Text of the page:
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William J. Clinton: The President's Radio Address
William
William J. Clinton
The President's Radio Address
September 23, 2000
Public Papers of the Presidents
William J. Clinton<br>2000-01: Book II
William J. Clinton
2000-01: Book II
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Good morning. In these first fall days of the new millennium, America is basking in the glow of unprecedented prosperity, with the longest economic expansion in history. But we're not just better off; we're more hopeful, more united, and more secure.

Last year the overall crime rate fell for the eighth consecutive year, the longest continuous drop in crime on record, giving us the lowest crime rate in 27 years. Since 1993, gun violence alone has declined by more than 35 percent. But none of us believes America is as safe as it should be, and none of us should be satisfied until America is the safest big Nation in the world.

This morning I want to talk about new ways we're harnessing the power of technology to catch more gun criminals and keep guns out of the wrong hands. Recently, we saw stark evidence that the Internet is fast becoming a new outlet for illegal gun sales. This past May, two teenagers, using a forged Federal firearms license, were able to order guns over the Internet for delivery to their home in Montclair, New Jersey. Because they used a forged license, there was no scrutiny, no background check, no questions asked. It was only because of the actions of a suspicious UPS delivery man that this scheme was thwarted.

Unfortunately, the Internet, despite all its benefits, is making it easier for guns to fall into the wrong hands. There are now 4,000 firearm sales-related sites on the Internet, and there are 80 sites where you can actually buy a gun at auction. Clearly, we must do more to ensure that every sale over the Internet is legal and that no one uses the anonymity of cyberspace to evade our Nation's gun laws.

That's why today I'm announcing that the Bureau of Alcohol, Tobacco, and Firearms is launching a new website, called EZ CHECK, to prevent criminals and juveniles from using fraudulent licenses to buy firearms. The system, linked to the ATF website, allows licensed gun dealers to quickly verify that licenses presented to them for purchase or shipment of guns are valid. In addition, the ATF is proposing new measures to require gun sellers to verify licenses and report individuals who use invalid ones.

By making it easier to check the validity of gun licenses, we'll make it harder for guns to fall into the wrong hands and give law enforcement and the gun industry a new tool to put a stop to illegal sales.

EZ CHECK is a part of our comprehensive strategy to strengthen gun laws and better enforce those already on the books. In 1993 we passed the Brady law, which has kept more than half a million felons, fugitives, and domestic abusers from buying firearms. In 1994 we passed an historic crime bill, which has funded more than 100,000 additional community police officers around the Nation. The bill also toughened penalties and banned assault weapons.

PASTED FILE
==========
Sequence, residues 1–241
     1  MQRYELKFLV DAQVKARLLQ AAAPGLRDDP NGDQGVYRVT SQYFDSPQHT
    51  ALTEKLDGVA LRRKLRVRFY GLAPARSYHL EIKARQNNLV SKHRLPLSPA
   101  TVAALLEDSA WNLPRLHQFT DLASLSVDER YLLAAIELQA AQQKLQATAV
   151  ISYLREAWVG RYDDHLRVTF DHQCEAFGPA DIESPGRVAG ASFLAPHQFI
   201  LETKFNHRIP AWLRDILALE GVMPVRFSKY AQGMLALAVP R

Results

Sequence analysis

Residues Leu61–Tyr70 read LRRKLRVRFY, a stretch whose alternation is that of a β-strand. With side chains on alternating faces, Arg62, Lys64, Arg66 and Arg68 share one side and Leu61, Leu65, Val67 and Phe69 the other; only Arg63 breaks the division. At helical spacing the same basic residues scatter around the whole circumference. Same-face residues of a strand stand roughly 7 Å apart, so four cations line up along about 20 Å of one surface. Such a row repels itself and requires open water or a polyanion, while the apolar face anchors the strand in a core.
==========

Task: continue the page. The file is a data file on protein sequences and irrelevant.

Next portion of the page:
Meanwhile, gun prosecutions have been rising. Federal firearms prosecutions have increased 16 percent since 1992, and the average sentence has gone up by 2 years. Since this strategy is working, it's quite curious to me that those who argue for more enforcement over new gun safety legislation are, nevertheless, refusing to fund key elements of our $280 million gun enforcement initiative, including funds for an additional 1,000 gun prosecutors. So I ask this Congress, don't just talk about strong enforcement; give us the tools to do the job.

I'm also calling on Congress to help prevent gun crimes from happening in the first place by passing our long-overdue commonsense gun safety measures, requiring background checks at gun shows, mandating child safety locks for handguns, and banning the importation of large capacity ammunition clips.

We must begin this new century by abandoning the stale debate from the last one about whether it's better to strengthen gun laws or enforce existing ones. The ATF's new EZ CHECK system, combined with our unprecedented enforcement budget and our strong commonsense gun safety proposals, will do both. They'll be a major step forward in our efforts to crack down on gun criminals and save lives.

Our current prosperity gives us the chance to focus on the big challenges of the new century. Making America the safest big country in the world is a challenge big enough to be worthy of our attention and one we must meet for the sake of our future and our children.

Thanks for listening.


NOTE: The address was recorded at 6:34 p.m. on September 22 in the Oval Office at the White House for broadcast at 10:06 a.m. on September 23. The transcript was made available by the Office of the Press Secretary on September 22 but was embargoed for release until the broadcast.
Citation: William J. Clinton: "The President's Radio Address," September 23, 2000. Online by Gerhard Peters and John T. Woolley, The American Presidency Project. http://www.presidency.ucsb.edu/ws/?pid=25536.
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